Back in January, I was delighted to come across my friend and old Sotheby's colleague Sara Covelli and her new business Covelli Tennant. This week another one of my old friends and erstwhile colleagues at Sotheby's, James Bridges of Martel Maides in Guernsey, hit the news.
Undertaking a house contents valuation for a Channel Islands family, James found three Chinese famille rose porcelain bowls; a pair of the bowl above, and the single one below. Their six-character marks identified them as being from the Yongzheng period (1723-35) and these marks did indeed represent the period these bowls were made in.
This gourd and bat pattern (above) is extremely rare, and represents a long, rich and happy life. A single bowl bearing the design sold at Christie's in 2006 for over $700,000. Understandably, James and Martel Maides had high hopes for this pair! Catalogued by consultant expert Julian Thompson, and with an estimate 'On Request', they sold at a stunning £1.02 million.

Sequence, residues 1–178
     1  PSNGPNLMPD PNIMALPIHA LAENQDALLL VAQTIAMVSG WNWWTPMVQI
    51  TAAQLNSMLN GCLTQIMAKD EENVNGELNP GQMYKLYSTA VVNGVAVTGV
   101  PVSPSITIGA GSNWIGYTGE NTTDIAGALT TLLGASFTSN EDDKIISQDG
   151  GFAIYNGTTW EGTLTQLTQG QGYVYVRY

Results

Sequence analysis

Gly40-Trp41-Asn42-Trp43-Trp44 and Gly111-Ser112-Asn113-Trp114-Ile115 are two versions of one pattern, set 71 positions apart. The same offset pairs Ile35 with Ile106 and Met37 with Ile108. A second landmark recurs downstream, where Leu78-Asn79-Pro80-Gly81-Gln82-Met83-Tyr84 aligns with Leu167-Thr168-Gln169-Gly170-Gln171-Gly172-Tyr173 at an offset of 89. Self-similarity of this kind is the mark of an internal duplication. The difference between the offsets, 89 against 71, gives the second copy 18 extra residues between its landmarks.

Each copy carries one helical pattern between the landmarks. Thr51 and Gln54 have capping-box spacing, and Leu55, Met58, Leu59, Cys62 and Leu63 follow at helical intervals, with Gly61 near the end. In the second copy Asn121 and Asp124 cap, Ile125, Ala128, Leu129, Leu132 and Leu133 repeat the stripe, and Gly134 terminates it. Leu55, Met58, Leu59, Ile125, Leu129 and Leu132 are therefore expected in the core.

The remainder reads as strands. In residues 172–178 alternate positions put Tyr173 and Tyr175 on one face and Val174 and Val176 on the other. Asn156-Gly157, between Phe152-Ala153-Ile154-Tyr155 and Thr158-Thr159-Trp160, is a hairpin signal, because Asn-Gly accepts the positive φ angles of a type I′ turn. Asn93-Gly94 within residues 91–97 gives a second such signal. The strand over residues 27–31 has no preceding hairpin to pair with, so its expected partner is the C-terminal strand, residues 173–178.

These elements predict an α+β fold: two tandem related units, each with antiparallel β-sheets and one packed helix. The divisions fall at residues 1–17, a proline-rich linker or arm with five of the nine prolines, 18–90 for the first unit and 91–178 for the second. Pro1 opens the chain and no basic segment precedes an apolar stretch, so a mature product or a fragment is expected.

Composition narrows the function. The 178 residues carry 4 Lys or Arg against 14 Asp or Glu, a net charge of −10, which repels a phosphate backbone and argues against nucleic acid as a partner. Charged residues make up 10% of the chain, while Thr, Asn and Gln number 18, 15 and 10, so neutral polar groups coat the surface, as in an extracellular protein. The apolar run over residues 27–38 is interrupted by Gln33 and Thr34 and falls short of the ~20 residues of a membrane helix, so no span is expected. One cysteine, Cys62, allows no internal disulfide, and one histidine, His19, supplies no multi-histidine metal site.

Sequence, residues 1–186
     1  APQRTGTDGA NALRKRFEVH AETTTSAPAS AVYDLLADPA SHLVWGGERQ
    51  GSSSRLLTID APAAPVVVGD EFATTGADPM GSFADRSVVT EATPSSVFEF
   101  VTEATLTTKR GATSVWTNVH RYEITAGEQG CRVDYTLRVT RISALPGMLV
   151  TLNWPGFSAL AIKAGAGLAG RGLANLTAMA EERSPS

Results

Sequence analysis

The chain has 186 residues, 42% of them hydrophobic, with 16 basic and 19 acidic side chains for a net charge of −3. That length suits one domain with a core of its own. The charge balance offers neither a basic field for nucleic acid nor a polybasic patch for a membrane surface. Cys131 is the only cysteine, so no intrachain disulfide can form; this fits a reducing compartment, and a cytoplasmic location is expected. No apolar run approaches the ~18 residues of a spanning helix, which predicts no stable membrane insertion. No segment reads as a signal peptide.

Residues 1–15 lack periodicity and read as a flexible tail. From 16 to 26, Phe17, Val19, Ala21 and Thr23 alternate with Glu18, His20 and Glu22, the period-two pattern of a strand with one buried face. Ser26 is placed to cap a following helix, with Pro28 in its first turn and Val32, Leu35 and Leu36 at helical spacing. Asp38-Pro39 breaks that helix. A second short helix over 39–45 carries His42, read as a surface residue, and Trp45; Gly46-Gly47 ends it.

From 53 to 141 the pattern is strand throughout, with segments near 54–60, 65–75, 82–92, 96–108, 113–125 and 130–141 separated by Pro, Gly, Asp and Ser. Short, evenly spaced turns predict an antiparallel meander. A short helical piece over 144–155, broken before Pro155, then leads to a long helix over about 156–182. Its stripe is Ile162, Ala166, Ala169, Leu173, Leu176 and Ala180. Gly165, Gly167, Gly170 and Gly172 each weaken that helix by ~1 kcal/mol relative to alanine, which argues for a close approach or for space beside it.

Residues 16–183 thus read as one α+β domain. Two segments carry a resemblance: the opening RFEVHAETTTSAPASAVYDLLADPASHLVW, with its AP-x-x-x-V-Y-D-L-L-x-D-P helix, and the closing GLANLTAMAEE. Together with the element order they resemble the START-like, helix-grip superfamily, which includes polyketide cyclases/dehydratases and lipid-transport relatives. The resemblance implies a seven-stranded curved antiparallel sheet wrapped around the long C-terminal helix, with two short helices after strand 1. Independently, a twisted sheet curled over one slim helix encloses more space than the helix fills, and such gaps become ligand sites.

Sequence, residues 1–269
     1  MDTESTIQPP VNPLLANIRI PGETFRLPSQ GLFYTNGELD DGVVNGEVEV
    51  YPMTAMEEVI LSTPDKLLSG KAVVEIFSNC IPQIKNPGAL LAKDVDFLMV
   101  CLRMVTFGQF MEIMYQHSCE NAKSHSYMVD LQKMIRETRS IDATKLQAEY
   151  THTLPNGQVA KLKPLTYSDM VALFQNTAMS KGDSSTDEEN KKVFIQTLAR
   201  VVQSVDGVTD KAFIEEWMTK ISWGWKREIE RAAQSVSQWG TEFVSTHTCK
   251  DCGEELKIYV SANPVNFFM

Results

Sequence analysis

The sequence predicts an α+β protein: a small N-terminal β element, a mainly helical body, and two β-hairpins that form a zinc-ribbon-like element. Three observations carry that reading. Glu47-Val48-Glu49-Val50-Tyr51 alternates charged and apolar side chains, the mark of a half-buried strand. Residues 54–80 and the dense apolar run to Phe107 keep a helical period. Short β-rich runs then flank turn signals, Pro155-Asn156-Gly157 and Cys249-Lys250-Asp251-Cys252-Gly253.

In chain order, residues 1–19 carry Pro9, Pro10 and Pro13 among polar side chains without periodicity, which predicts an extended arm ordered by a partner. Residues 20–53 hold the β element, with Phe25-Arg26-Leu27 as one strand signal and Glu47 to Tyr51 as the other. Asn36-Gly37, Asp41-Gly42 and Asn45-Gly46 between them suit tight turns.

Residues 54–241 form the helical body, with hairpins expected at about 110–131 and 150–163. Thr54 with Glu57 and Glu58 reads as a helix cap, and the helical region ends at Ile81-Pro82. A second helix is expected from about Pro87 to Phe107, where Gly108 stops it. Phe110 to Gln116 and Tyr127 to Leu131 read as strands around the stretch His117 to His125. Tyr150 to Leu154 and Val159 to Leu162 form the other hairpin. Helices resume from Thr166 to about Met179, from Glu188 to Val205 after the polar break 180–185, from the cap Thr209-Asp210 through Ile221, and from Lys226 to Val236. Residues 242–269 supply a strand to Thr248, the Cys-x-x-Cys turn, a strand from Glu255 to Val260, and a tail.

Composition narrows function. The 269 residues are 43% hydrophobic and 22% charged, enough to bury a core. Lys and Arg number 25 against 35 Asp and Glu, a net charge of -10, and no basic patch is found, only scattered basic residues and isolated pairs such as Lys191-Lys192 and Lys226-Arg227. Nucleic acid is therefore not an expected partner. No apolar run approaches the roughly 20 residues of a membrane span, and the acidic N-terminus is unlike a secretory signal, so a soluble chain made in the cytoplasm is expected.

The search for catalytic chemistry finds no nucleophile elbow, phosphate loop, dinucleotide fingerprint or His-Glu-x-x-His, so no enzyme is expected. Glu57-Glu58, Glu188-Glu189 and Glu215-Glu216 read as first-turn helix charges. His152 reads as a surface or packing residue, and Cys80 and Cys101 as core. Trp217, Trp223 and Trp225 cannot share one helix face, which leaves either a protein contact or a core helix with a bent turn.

The single bowl (above), depicting Shou Lao, the god of immortality, riding a stag and accompanied by an Immortal, is not quite as rare, with the pattern sometimes being found on later Kangxi wares. It also bore a crack. As such, the estimate was pitched at a cautious £10,000-15,000. Showing the strength of today's Chinese demand for early and desirable 'mark and period' porcelain, the bowl fetched £280,000 on the day. Both went to the same Far Eastern buyer, and most probably went 'home'.
Well done James - from spotting these rare Asian treasures to marketing and selling them for a record £1.3 million!
To read more about the bowls, click here.
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